CEDAR RAPIDS, Iowa/CHICAGO (Reuters) - Russell Wasendorf Sr., chief executive of failed futures brokerage Peregrine Financial Group, pleaded not guilty to lying to federal regulators on Friday.
The widely expected move likely sets the stage for an eventual plea agreement, legal observers said, after Wasendorf confessed last month to bilking his customers out of millions of dollars.
Wasendorf, 64, was indicted on Monday on 31 counts of overstating the amount of customer funds at his brokerage by tens of millions of dollars in faked monthly and yearly reports to the Commodity Futures Trading Commission (CFTC).
Peregrine filed for bankruptcy protection on July 10, one day after Wasendorf attempted suicide and left a note describing how he had stolen from customers for nearly 20 years.
The collapse of what was once a mid-sized futures brokerage has dealt a further blow to confidence in the futures industry, coming less than a year after MF Global Holdings Ltd’s MFGLQ.PK bankruptcy, which left customers with a $1.6 billion shortfall.
In his first appearance since the indictment, Wasendorf on Friday shuffled into a small courtroom at the U.S. District Court in the Northern District of Iowa in Cedar Rapids, clad in an orange prison jumpsuit and tan sandals, with his hands and feet shackled.
“At this time he pleads not guilty on each count,” his public defender, Jane Kelly, told Magistrate Judge Jon Scoles.
Futures brokerages are required to submit financial data on a monthly basis to the CFTC, and the reports are then published on the regulator’s website.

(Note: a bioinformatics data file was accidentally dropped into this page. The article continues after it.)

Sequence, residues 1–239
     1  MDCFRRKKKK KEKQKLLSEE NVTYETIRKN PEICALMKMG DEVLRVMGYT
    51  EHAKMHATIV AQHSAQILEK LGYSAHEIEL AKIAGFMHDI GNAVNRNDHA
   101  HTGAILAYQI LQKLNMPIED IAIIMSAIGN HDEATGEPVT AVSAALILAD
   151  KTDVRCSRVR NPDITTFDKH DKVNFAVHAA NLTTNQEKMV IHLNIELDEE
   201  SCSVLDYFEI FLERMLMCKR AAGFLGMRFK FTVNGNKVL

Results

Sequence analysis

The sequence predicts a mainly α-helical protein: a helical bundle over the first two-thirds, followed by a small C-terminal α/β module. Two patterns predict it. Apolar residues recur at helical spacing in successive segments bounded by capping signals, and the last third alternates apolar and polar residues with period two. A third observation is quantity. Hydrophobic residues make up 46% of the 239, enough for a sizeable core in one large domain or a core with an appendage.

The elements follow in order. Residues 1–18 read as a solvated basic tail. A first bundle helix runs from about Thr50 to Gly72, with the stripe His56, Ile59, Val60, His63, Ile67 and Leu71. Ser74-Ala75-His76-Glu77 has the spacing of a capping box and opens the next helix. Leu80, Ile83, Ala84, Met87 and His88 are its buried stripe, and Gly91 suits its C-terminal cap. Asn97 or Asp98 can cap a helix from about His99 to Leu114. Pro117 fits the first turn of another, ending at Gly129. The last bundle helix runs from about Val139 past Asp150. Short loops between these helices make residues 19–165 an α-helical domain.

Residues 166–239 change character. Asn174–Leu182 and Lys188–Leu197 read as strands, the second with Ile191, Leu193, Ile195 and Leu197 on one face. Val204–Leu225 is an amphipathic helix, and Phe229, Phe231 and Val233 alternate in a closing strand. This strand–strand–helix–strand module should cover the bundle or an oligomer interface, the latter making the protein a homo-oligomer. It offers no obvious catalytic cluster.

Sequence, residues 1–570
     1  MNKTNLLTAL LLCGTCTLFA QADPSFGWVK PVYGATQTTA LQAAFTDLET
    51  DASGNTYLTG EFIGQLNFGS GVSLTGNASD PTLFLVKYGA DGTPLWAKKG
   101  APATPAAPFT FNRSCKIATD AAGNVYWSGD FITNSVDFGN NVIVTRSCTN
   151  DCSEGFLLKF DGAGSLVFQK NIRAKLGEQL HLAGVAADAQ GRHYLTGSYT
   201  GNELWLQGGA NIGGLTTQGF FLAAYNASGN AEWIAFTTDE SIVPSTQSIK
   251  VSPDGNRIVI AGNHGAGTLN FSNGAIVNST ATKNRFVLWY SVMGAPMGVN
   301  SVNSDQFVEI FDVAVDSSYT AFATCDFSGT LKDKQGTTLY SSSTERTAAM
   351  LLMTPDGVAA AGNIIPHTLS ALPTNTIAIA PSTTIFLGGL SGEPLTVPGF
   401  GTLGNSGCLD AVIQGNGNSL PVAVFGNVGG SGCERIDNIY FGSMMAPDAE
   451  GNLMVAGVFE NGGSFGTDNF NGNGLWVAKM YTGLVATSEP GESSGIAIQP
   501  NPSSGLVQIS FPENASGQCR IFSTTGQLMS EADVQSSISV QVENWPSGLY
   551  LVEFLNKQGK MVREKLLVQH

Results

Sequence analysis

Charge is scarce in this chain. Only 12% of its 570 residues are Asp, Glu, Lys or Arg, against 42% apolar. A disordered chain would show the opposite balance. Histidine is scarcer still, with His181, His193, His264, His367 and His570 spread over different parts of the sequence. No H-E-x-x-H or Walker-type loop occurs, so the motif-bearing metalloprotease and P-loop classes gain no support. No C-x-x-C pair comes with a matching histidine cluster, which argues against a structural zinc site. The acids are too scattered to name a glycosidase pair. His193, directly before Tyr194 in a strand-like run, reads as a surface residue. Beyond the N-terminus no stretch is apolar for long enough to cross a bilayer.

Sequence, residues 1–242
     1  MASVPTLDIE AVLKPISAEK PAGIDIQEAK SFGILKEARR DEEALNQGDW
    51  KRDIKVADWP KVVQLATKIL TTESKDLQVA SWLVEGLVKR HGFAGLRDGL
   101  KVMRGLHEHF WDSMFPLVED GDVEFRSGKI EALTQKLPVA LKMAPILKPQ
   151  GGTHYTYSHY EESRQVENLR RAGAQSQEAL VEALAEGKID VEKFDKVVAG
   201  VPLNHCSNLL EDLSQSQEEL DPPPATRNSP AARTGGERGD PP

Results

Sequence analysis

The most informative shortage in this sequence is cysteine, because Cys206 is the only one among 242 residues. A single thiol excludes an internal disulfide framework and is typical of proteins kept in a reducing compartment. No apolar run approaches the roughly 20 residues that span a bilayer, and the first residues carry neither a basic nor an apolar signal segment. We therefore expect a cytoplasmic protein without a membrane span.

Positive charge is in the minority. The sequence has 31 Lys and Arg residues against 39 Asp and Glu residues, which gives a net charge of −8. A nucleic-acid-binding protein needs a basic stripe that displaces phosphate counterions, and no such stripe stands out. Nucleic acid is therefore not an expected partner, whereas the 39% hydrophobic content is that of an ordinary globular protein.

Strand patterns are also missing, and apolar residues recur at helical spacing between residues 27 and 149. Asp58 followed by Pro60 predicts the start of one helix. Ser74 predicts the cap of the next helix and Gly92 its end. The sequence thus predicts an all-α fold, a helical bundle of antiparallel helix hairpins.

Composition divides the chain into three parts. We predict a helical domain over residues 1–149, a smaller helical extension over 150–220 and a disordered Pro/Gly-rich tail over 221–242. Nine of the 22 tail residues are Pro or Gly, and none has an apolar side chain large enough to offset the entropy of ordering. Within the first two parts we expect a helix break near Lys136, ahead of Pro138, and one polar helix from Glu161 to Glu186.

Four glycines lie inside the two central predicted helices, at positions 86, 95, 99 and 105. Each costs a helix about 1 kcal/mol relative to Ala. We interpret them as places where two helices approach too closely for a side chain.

The CFTC has said Wasendorf misappropriated more than $200 million in customer funds.
If convicted on all charges, Wasendorf faces up to 155 years in jail, a $7.75 million fine and 93 years of supervised release following any imprisonment, according to the U.S. Attorney’s Office.
Wasendorf has been held in an Iowa county jail since being arrested July 13 at a hospital, where he was being treated after attempting to kill himself.
Wasendorf said in his confession that, using little more than a post office box, laser printers and Photoshop software, he forged and intercepted financial statements that were mailed between U.S. Bank, where some Peregrine customer money was held, and the firm’s auditors at the National Futures Association.
He also said he spent most of the stolen money trying to keep his brokerage afloat.
Wasendorf was expected to plead not guilty because it allows his lawyer time to examine the evidence that may be used against him in a trial.
Kelly, his public defender, may feel she can negotiate a more favorable plea agreement if she sees the government’s evidence, legal observers said.
Kelly and prosecutors left the court without commenting.
Even if the government’s case is air-tight, prosecutors will likely be open to negotiating a deal because Wasendorf may be able to help locate some of the stolen money, said Richard Holwell, a former federal judge in the Southern District of New York who is now a partner at Holwell Shuster & Goldberg LLP in New York.
“Even in a case where the defendant is guilty, guilty, guilty, there usually is some negotiation, if only over the institution where the defendant would serve his or her time,” said Holwell, who is not involved in the Wasendorf case.
Still, it will be difficult for Wasendorf to negotiate a favorable deal, given that he spelled out his crimes in a lengthy signed confession, lawyers said.
“When you make a detailed statement, you’re not only confessing that you did something wrong; you’re also giving them a roadmap on how to corroborate it,” said Kevin O‘Brien, a former assistant U.S. attorney for the Eastern District of New York who is now a partner at the law firm Harris, O‘Brien, St. Laurent & Houghteling.
Wasendorf’s trial is tentatively scheduled to start on October 15.
Additional reporting by Ann Saphir in San Francisco; Editing by Lisa Von Ahn, Jeffrey Benkoe and Matthew Lewis